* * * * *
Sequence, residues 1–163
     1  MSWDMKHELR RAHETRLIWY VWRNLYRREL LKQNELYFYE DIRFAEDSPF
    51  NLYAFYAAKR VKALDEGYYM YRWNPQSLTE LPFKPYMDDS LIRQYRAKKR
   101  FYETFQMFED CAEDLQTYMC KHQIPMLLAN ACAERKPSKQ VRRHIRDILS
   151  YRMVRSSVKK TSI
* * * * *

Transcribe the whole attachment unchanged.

Sequence, residues 1–163
     1  MSWDMKHELR RAHETRLIWY VWRNLYRREL LKQNELYFYE DIRFAEDSPF
    51  NLYAFYAAKR VKALDEGYYM YRWNPQSLTE LPFKPYMDDS LIRQYRAKKR
   101  FYETFQMFED CAEDLQTYMC KHQIPMLLAN ACAERKPSKQ VRRHIRDILS
   151  YRMVRSSVKK TSI